Page ClassesΒΆ

Note: This document was written before the code, and needs to be corrected.

I still like the idea of using names and indirection, ala CSS classes. I’m thinking of calling them page-class, like “page type” that Wichert suggested, but using “class” to suggest that a page isn’t exclusively one thing.

The obvious and explicit way to set the class is with X-Deliverance-Page-Class, either an HTTP header or <meta http-equiv>.

Setting these isn’t always easy. You have to poke around in templates to do it, and for something like styling Trac it would be nice to do it completely externally to Trac itself. So back to path matching. This seems fairly obvious:

<match path="/foo" class="foo" />

There will be the <match> tag, and these selectors as attributes:

path: a path. If it allows wildcards, I am a little concerned about people mistakenly putting an exact path and assuming it is a prefix. So I’m thinking this won’t take wildcards. A trailing / won’t matter – /foo/ and /foo will be treated equivalently, and neither would match /foobar.

Perhaps prefixes could allow different kinds of matches. E.g.: “wildcard:/manage” or “regex:/wp-admin/(post|new-post).php”.

I’d like a way to indicate whether just PATH_INFO or the full path is being matched. People are naturally inclined to view it as a full-path match. Perhaps a leading / would indicate this, and no leading / means match SCRIPT_NAME. Except that wouldn’t work for wildcard and regex matches. For most installations PATH_INFO will be the full path, so it’s a little academic. But that’s not true for openplans, so I have to think about this.

domain: a domain, with possible wildcard.

request-header: this would be “Header: match”, like “X-Requested-With: regex:(?i)xmlhttprequest”. The header name will be parsed out. Maybe allow wildcards? The part after : will be matched like path, except maybe a case-insensitive whitespace-normalized match as the default. So “X-Requested-With: xmlhttprequest” would match a value of “XMLHttpRequest”, but wouldn’t match “XMLHttpRequest/foo”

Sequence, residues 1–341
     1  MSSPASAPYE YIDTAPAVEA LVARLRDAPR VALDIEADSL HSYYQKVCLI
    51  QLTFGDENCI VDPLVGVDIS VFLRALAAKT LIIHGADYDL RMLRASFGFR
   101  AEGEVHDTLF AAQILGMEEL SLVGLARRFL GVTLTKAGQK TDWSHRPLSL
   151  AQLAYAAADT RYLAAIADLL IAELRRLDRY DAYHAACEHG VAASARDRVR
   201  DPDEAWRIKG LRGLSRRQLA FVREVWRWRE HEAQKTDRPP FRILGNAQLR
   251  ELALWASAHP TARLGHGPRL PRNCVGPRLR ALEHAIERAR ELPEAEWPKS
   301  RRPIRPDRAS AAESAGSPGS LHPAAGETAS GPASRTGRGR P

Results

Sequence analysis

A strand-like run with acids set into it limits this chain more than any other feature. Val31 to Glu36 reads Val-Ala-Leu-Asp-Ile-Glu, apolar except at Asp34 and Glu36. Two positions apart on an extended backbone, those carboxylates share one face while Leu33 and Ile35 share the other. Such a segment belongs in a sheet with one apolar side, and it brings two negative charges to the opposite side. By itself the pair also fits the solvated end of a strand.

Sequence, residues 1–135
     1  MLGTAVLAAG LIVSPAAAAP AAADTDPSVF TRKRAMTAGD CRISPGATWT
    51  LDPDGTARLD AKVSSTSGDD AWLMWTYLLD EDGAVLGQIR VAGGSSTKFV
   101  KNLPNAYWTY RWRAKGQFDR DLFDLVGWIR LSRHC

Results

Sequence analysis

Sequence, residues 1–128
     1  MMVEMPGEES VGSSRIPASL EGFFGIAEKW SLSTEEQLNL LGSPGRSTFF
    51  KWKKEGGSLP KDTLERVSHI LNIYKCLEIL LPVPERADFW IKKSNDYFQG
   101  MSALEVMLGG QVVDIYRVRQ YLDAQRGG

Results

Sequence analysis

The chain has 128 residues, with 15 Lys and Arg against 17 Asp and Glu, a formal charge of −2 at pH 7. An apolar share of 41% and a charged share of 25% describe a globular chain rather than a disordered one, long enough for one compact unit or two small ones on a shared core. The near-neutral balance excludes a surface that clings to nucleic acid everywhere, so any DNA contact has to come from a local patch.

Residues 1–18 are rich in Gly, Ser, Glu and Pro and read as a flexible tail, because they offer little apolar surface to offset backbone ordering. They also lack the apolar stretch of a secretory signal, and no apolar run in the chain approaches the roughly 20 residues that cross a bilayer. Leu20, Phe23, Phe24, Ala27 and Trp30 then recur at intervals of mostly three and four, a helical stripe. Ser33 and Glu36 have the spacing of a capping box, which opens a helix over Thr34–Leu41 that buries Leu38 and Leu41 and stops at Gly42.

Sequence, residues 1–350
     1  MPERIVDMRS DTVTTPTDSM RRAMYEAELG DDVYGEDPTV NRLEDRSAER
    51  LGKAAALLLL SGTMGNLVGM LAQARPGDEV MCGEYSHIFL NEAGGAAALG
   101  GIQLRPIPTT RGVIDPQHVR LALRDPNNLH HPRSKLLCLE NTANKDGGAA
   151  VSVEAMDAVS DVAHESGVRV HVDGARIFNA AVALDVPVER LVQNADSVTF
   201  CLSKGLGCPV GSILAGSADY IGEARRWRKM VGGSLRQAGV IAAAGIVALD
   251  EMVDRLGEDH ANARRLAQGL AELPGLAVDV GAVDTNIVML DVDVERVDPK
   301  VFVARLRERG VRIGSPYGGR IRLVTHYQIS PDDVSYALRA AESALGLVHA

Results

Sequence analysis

response-header: just like request header, but the response.

last: if this is “1”, then if this <match> matches, no other matches will be checked. (Not sure if this is the best name... it’s like [L] in a rewrite rule)

If you provide multiple attributes then they all must match. I’m not sure how to allow multiple attributes of the same type, like if you want to match multiple request headers.

Then there’s the question: are classes entirely cumulative, like CSS classes? Or is there a way to suppress a class? Like class=”-standard my-page-type”, to remove the standard page type (there might be an implicit <match class=”standard” /> rule). Or maybe last=”1” would stop any other classes, and so you’ve implicitly excluded all other classes from being added if you use it.

OK, so then the actual rules. We introduce a single attribute:

<rules class="class_name(s)">
  <append ... />

Except... we’ve already used <rules>. We could use <class name=”class_name”>, but I would kind of prefer that the attribute name be “class” in both the match and rules.

Maybe better than things like -standard, would be a way of including other classes in a rule. Like:

<rules class="my-page">
  <match class="standard" />

then this would also have any standard rules. This kind of overloads <match>, though I think in a way that’s reasonably intuitive – it feels the same, even though the implementation would be quite different. Though I’m not inclined to allow any other conditionals like <match path=”...” /> in this context.

Also, <theme href=”...” /> would be allowed in this context, and the first matched class (I’d maintain classes in an order) would have its theme used.

So... modulo a few places I noted indecision, this sounds like a simple way of providing what people need in conditional theming. Opinions?

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